Goodbye, Hello World

John Lunde, to the Instant Man, on the subject of the allegedly-declining geek population:

This is something I foresaw when home computers quit being shipped with BASIC: <10 PRINT “HELLO”> seduced a generation. When finding out if programming is interesting costs a couple of hundred dollars up front (and weighs seven pounds), though, not many will try. Not that it has to be BASIC, of course, but there ought to be some ‘easy’ language supplied with home computers to inveigle potential geeks.

Of course, on some of those machines, notably the Commodore 64, if you wanted to do much of anything you had to work in that machine’s flavor of BASIC, and machine-specific commands don’t translate too well across platforms. That said, I used to rewrite Applesoft BASIC stuff to work on the 64, and it wasn’t that difficult; then again, I also had a COBOL (!) compiler for the 64, and I wasn’t worth a hoot at COBOL.

Jenn doesn’t see a problem, though:

This is only a problem if someone wants it to be. Javascript doesn’t require anything beyond a browser and a text editor. Python and Java are both freely available (and free even). Even QBasic is still available as a download. The problem is that computers have gone from being something semi-mysterious and a serious business tool to being something you carry around in your pocket. There isn’t any real wonder left to them and so kids don’t explore them like they used to.

The alternative may lie in MMORPGs:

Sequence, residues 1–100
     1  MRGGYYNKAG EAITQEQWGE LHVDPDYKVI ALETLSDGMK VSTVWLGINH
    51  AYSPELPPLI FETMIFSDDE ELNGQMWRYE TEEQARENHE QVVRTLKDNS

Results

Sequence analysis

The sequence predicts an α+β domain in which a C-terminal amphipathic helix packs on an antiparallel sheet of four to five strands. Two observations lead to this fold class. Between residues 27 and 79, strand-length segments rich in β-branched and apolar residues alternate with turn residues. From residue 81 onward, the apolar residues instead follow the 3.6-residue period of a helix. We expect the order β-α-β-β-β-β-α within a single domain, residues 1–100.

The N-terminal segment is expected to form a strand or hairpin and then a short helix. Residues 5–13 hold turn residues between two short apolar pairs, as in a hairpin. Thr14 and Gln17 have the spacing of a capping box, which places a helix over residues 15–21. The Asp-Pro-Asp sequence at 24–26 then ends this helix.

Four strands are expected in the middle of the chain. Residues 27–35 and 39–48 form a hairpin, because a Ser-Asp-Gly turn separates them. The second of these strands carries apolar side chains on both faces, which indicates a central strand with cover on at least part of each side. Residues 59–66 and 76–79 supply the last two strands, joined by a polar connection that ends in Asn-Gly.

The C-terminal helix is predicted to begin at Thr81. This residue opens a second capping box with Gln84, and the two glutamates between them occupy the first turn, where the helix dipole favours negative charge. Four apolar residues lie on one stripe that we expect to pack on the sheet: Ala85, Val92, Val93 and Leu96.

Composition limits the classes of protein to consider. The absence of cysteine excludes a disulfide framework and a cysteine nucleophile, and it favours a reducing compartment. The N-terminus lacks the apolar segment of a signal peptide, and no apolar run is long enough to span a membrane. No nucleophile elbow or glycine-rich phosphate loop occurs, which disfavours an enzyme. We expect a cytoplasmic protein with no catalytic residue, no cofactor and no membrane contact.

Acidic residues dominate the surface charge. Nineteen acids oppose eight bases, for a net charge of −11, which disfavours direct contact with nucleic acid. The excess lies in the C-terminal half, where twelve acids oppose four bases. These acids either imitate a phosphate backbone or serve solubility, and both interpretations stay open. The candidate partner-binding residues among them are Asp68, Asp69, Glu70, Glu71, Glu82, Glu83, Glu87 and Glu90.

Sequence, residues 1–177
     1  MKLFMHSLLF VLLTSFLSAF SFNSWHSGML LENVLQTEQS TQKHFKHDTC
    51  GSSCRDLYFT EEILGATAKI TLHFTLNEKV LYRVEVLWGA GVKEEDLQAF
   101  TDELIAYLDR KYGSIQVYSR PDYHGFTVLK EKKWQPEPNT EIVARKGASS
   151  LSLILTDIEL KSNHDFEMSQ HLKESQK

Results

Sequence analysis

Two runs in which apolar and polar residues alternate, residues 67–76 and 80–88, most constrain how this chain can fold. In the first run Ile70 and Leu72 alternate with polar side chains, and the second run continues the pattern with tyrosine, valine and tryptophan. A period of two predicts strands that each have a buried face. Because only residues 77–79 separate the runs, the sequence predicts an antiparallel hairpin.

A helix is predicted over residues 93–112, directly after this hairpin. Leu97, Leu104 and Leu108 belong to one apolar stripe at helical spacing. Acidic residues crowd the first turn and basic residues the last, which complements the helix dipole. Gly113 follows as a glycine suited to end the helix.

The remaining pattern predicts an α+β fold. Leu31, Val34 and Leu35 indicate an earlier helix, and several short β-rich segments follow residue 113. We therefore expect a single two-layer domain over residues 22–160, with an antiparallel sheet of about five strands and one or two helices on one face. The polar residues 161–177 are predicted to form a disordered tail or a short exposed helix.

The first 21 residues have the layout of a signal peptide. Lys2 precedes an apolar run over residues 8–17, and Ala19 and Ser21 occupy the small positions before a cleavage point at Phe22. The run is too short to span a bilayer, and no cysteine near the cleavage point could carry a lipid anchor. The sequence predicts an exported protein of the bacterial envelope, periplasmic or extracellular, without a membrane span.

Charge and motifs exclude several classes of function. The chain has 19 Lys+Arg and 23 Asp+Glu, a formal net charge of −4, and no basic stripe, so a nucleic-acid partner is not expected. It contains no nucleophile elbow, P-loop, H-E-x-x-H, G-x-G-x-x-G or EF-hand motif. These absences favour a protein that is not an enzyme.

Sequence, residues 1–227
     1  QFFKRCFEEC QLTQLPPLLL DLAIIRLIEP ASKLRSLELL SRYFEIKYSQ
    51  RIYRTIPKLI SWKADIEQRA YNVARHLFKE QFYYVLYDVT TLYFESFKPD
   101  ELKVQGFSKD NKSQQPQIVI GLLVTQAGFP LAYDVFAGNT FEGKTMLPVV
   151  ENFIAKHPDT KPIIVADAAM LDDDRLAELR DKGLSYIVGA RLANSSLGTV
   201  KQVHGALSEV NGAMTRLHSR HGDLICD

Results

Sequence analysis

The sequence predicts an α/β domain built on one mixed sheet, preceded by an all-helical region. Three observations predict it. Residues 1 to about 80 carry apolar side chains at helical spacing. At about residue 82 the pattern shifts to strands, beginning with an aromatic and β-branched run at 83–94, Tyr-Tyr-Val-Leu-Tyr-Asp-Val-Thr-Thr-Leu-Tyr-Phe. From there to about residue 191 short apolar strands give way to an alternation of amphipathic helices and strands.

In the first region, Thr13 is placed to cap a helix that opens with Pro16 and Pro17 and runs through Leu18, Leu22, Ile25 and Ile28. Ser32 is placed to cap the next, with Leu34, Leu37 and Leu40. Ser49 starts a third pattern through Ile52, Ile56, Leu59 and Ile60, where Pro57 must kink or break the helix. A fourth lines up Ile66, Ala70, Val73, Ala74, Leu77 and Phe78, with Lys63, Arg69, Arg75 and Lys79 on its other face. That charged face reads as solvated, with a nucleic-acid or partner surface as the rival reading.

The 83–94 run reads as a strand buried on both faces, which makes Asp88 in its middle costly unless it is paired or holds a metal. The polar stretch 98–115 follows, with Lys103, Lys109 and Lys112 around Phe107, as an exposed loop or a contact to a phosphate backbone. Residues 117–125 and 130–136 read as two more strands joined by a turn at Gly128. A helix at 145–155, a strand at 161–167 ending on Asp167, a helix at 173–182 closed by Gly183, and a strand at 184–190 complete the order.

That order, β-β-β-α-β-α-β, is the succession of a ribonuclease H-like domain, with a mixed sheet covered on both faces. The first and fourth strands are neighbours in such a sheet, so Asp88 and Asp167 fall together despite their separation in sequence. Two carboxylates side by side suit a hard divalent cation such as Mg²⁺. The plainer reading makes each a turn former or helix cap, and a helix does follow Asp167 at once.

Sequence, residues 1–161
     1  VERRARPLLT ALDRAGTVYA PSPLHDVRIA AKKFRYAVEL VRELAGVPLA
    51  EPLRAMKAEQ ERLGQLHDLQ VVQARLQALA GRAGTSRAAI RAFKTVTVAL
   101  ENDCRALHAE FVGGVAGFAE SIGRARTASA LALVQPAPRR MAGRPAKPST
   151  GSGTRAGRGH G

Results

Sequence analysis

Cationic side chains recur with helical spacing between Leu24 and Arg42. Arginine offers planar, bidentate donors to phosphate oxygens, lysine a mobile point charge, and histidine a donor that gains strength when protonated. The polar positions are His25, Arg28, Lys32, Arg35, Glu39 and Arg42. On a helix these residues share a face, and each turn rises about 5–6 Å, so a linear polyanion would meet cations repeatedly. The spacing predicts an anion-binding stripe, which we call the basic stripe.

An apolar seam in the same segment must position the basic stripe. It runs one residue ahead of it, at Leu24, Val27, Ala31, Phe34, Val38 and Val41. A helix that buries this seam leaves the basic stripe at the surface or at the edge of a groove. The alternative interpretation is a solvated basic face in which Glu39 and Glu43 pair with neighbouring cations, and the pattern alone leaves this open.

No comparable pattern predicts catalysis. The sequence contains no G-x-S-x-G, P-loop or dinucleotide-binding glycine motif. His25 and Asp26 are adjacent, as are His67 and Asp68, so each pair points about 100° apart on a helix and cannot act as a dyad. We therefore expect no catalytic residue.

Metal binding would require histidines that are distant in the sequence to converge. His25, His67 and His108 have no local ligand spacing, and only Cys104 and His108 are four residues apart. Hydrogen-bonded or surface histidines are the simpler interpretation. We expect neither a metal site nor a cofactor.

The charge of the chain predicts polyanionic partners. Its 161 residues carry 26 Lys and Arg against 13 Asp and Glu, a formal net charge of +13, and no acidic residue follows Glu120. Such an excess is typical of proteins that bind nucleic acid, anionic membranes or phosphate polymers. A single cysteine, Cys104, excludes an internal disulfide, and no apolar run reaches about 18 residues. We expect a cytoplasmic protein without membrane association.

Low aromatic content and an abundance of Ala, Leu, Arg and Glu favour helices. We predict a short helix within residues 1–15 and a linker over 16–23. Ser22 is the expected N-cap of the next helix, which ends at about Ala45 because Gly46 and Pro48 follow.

Other options if your kids are into games are Lua which is is used in World of Warcraft and Linden Scripting Language in Second Life (of course in Second Life you have to watch them constantly so they don’t fall in with furry Gorean slavers. Keep them in the kid friendly areas).

Given the sheer participation levels of WoW and Second Life, it’s hard to imagine we’d ever run out of geeks, unless you buy into the stereotype that they just don’t, um, reproduce.

1 comment

  1. FMJRA Saturday – In which I reveal my secret crush on Charles Johnson « A Conservative Shemale »

    23 January 2010 · 9:30 am

    […] Dustbury picked up on the question about why we are producing fewer geeks. I thought about this a lot this week and I think one of the reasons is a steady de-empahsis of math and hard science in schools. This opinion is formed anecdotally. Obviously I don’t have children of my own in the schools, but listening to friends talk about their kids education. There is a serious problem. Parents could (and should) step in to help fill the gap but I am afraid most of them don’t realize what’s missing. When I mention that I am an engineer I can’t tell you how many people tell me “Oh my god, I could never do all that math.” Then they tell me that they are real estate agents or bankers or graphic artists. They don’t see the disconnect. […]

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